J&K: cops turning militants alarming

The recent episode of special police officer (SPO) decamping with service weapons, including seven AK-47s, from a police post in Srinagar should set alarm bells ringing in Srinagar and New Delhi. The SPO is said to have joined the militants. Although links between police and militants were not uncommon in the 1990s, policemen deserting the J&K Police Force to join militant groups is a post-2015 phenomenon. Over 100 cops are currently facing charges for abetting separatism. This is worrying as the police force in J&K is mandated with fighting separatism and ensuring the rule of law in the state. There is the issue of cops decamping with weapons, too. At least 10 such incidents are said to have occurred over the last couple of years in Kashmir. What makes the recent incident particularly worrying is the fact that the police post from where the weapons were stolen was one guarding a legislator’s home. Security should have been tight here. India’s security establishment must probe how and why this happened.

Policemen have emerged the prime target of militants in recent years. Nearly 40 of them have been killed this year so far. Besides, militants have abducted family members of policemen and held them hostage. It is evident that the security of police personnel and their families is poor and an issue that troubles SPOs. Joining a militant group frees them from militant violence and intimidation. In addition, SPOs are poorly paid, unlike militant groups which provide fighters with better rewards for assassinations and other important attacks. Monetary inducements, too, could be drawing cops to join the militants.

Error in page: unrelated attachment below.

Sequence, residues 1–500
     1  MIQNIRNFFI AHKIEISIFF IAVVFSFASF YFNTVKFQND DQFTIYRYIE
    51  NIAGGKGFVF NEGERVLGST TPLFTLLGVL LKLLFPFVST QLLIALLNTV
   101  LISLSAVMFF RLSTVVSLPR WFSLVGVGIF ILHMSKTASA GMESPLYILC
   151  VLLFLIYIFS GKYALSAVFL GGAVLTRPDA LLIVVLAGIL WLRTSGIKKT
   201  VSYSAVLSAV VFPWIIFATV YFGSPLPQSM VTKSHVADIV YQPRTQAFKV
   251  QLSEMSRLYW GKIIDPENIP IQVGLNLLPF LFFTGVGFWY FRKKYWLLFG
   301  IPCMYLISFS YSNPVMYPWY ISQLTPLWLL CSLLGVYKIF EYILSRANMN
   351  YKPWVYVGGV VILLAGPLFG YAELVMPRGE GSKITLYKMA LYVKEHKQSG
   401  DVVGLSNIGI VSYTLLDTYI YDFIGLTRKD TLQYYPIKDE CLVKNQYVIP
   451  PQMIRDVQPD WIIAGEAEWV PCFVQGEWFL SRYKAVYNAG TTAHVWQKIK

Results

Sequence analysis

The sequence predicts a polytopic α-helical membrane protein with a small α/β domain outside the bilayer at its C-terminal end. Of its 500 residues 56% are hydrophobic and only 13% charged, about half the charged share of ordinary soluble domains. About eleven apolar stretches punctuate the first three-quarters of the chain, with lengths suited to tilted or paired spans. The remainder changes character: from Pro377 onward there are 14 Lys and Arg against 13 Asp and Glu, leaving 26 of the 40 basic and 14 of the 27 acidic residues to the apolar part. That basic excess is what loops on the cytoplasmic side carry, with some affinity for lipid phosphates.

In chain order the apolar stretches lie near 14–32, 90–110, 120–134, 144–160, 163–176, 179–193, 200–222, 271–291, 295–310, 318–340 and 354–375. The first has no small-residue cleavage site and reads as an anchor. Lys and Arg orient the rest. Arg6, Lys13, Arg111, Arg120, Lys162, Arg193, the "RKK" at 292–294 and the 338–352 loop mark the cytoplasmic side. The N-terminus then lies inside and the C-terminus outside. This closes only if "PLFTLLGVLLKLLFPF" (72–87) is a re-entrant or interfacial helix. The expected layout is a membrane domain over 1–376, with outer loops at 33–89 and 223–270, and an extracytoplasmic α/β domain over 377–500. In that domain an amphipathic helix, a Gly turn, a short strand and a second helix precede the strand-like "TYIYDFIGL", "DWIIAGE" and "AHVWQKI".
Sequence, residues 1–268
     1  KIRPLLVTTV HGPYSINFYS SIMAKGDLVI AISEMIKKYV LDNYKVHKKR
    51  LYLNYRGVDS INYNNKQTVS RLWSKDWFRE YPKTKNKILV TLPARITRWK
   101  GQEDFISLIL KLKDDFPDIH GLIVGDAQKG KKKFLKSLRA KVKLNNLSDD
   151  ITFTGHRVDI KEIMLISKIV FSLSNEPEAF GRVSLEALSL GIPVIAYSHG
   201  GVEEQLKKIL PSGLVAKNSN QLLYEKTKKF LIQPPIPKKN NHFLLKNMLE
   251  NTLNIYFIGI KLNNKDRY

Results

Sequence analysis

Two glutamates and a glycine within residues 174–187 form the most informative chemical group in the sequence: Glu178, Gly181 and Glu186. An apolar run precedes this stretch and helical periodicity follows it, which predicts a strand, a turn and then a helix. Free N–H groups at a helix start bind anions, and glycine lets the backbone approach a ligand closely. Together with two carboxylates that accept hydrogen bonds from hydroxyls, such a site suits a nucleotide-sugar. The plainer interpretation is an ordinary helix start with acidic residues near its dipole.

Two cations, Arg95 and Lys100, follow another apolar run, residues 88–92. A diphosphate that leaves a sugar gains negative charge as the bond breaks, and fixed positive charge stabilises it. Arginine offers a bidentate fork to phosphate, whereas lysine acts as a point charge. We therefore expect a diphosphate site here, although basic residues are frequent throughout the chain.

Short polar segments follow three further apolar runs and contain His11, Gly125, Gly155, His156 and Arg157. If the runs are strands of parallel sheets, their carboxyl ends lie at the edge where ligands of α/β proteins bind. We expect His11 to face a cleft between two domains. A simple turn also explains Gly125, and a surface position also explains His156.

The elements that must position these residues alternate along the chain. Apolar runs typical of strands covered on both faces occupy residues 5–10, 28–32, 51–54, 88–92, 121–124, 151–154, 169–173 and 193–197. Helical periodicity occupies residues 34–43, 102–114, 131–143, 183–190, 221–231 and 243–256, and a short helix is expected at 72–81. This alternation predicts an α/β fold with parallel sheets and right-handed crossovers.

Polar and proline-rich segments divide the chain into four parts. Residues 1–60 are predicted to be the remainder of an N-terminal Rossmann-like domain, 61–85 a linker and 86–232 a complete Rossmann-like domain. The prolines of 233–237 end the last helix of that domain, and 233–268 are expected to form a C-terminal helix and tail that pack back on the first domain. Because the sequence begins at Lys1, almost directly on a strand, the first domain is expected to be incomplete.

Most worrying is the growing alienation and anger against the Indian State among personnel of the J&K police force. Since 2015, there has been a resurgence in the anti-India sentiment in the Kashmir Valley. It has drawn hundreds of youth to take up arms against the State. This sentiment has penetrated all sections of Kashmiri society and the J&K police could not have remained immune to it. India’s security establishment must look into how deep and widespread this sentiment is, especially in the J&K police force. Just a handful of cases of cops joining the militants have come to light but this is likely to be just the tip of the iceberg. It is the local police that play the main role in fighting any insurgency. Losing them to the insurgents is a loss that is not just hard to replace but could also prove dangerous. India must act to stem the flow of cops to the militant ranks.

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J&K: cops turning militants alarming

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